In the case of all these offenses (with the exception of murder), it was possible to pay a ransom or make some form of monetary or property settlement and have the sentence commuted.


“Moreover, you shall accept no ransom for the life of a murderer, who is guilty of death, but he shall be put to death” (Num. 35:31).


Question: Was the Mosaic law strict, oppressive, heartless, and cruel in its application of CP? No. The fact is, the Mosaic Law actually represents a massive reduction in capital offenses from the original list. As R. C. Sproul puts it, “the OT code represents a bending over backwards of divine patience and forbearance. The OT law is one of astonishing grace” (The Holiness of God, p. 148). The original law of the universe is that “the soul that sins, it shall die.” Life is a divine gift, not a debt. Sin brings the loss of the gift of life. Once a person sins, he forfeits any claim on God to human existence. The fact that we continue to exist after sinning is owing wholly to divine mercy and gracious longsuffering.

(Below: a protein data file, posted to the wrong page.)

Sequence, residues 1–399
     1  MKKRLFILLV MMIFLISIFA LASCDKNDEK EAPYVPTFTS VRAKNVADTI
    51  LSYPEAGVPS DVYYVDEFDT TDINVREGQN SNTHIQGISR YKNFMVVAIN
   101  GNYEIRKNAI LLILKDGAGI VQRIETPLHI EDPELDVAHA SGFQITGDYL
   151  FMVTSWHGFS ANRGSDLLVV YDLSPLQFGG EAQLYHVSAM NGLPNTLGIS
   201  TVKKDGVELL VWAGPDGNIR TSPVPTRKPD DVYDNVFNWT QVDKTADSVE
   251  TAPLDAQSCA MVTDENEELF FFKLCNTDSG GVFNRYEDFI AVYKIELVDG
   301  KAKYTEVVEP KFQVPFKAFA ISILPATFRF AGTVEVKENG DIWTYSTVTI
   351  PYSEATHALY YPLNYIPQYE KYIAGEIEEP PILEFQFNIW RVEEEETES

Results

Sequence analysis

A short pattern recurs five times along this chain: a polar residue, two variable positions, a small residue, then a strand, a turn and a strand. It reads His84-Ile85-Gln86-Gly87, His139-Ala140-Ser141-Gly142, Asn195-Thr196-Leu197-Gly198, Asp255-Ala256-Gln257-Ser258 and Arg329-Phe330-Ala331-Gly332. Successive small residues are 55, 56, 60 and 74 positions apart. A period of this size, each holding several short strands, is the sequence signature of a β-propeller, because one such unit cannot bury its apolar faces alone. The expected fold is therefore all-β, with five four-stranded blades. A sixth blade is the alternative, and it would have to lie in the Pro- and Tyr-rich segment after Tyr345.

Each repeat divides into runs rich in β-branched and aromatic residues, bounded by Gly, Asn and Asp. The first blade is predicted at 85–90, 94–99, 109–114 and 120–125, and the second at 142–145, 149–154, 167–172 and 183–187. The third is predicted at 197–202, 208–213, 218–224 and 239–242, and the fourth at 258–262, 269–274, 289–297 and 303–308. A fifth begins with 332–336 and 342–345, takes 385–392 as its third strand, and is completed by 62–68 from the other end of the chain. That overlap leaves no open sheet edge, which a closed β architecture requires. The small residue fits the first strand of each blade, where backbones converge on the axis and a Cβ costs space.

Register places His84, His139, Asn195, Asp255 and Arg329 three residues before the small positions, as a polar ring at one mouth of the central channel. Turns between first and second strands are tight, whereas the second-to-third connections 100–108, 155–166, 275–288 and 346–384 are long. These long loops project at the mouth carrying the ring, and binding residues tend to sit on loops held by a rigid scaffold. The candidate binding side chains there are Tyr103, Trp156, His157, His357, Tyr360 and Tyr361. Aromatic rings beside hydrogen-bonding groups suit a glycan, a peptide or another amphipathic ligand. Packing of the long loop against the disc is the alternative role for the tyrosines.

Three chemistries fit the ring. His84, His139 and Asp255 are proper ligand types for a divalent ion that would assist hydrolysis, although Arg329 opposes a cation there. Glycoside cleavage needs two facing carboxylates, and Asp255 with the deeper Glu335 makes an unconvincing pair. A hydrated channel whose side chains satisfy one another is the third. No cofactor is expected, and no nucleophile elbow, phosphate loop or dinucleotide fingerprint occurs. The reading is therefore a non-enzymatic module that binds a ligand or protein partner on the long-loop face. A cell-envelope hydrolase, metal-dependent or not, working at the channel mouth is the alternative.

We recoil and are aghast at what we are convinced was undue cruelty and severity in the OT law. Why? Because we are twisted and confused in our thinking. We think we deserve to live, and that God owes us life. The fact that God made only 15-20 sins capital offenses was a remarkable act of mercy, compassion, and grace. Why? Because it would have been perfectly just and fair and righteous had he made every sin a capital offense. The Mosaic stipulations regarding the death penalty, therefore, were remarkably lenient and gracious.